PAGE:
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Sandro Rosell
FC Barcelona President
Tuesday, March 28, 2017


When Kathy Mioni took over as the principal of Akiva Academy in the post-industrial city of Youngstown, Ohio, the school had 52 students and was in danger of closing within a year.

Seven years later, the Jewish community day school’s enrollment has grown by an even 100 and expanded by two grades — in addition to a preschool and infant care. And Mioni is quick to say why: Two-thirds of the students, most of them not Jewish, have nearly all their tuition paid for by Ohio’s state government.

“School choice has kept Akiva open,” Mioni told JTA. “It’s exploding, actually. We don’t do a lot of advertising. It’s word of mouth. The school choice has breathed new life and functioning into Akiva.”

School choice, the philosophy that government

In early December, a bipartisan Congressional bill, H.R. 6421/S. 10, the “Antisemitism Awareness Act,” took on a long-overdue task, namely, increasing “understanding of the parameters of contemporary anti-Jewish conduct and will assist the Department of Education in determining whether an investigation of anti-Semitism under title VI is warranted.”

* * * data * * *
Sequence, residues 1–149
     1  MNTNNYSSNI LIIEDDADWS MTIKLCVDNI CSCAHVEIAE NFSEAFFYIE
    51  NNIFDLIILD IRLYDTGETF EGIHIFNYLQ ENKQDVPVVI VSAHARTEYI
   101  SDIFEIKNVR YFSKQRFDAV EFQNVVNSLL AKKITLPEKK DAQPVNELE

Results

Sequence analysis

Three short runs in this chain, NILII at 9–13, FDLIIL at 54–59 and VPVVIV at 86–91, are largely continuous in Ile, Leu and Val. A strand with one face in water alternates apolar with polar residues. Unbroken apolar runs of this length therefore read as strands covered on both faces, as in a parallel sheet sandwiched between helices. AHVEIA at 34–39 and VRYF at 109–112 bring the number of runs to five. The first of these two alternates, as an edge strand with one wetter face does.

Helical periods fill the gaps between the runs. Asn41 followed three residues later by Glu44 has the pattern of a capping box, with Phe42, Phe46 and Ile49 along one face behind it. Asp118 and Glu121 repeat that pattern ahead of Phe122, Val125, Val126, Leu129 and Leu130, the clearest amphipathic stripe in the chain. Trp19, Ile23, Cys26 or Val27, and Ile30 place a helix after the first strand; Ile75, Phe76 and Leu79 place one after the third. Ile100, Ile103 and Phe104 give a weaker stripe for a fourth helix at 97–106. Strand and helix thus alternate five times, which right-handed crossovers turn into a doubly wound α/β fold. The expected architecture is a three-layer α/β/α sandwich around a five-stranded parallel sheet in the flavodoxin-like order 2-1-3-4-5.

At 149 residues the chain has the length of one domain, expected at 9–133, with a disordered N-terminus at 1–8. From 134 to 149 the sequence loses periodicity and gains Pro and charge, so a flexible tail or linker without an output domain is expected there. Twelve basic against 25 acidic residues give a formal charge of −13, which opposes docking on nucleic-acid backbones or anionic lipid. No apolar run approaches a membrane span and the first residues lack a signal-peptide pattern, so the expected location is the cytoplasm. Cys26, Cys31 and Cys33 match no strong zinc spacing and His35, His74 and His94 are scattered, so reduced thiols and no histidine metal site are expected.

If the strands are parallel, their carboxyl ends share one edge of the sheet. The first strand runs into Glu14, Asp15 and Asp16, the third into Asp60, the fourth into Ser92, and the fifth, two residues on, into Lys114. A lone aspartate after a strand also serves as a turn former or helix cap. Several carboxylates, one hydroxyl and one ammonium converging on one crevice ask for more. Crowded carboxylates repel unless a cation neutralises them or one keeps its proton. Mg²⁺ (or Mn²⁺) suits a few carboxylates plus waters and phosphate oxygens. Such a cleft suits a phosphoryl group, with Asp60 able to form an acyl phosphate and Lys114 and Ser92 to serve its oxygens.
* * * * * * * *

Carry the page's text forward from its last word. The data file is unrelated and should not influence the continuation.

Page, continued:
“Jewish students,” the bill accurately noted, “are being threatened, harassed, or intimidated in their schools . . . including through harassing

When the Senate begins to consider President-elect Donald Trump's choice to run the Department of Education, Congress should focus on the surge of anti-Semitism that continues to plague our nation's campuses. Over the past few years, anti-Semitism has reached a tipping point around the country. The FBI reported that there were more Jewish hate crime victims last year than victims of all other religious groups combined.

Nowhere is this problem worse than on college campuses where anti-Semitic

Women Teachers Receive Stipends for Study in Israel

Matan, a Jerusalem based advanced Jewish studies program for women, has launched The Bellows Eshkolot Institute for Tanakh and Jewish Studies, an initiative to improve the level and quality of Jewish education in American Jewish schools in cooperation with The Hebrew University of Jerusalem.

Offering full-tuition scholarships and living stipends of up to a total of $15,000, Eshkolot seeks to attract the "best and the brightest" women

Chabad on Campus tour of Poland leaves a deep impression on participants

It was not a typical college winter break at the beach for the 70 participants on “LivingLinks,” Chabad on Campus International’s first heritage trip to Poland. Instead, it was a meaningful trip filled with poignant moments, disturbing images, inspiring lessons and shared experiences.

Students from dozens of colleges across North America spent six days in Poland—bearing witness to death camps, mass graves, labor camps and